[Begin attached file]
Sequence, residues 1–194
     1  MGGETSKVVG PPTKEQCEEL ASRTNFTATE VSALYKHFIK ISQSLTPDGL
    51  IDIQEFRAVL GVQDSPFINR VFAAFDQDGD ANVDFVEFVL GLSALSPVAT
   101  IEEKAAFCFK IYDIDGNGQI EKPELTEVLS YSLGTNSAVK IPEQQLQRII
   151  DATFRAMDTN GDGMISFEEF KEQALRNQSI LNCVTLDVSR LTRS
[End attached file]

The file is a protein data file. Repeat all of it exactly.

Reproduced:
Sequence, residues 1–194
     1  MGGETSKVVG PPTKEQCEEL ASRTNFTATE VSALYKHFIK ISQSLTPDGL
    51  IDIQEFRAVL GVQDSPFINR VFAAFDQDGD ANVDFVEFVL GLSALSPVAT
   101  IEEKAAFCFK IYDIDGNGQI EKPELTEVLS YSLGTNSAVK IPEQQLQRII
   151  DATFRAMDTN GDGMISFEEF KEQALRNQSI LNCVTLDVSR LTRS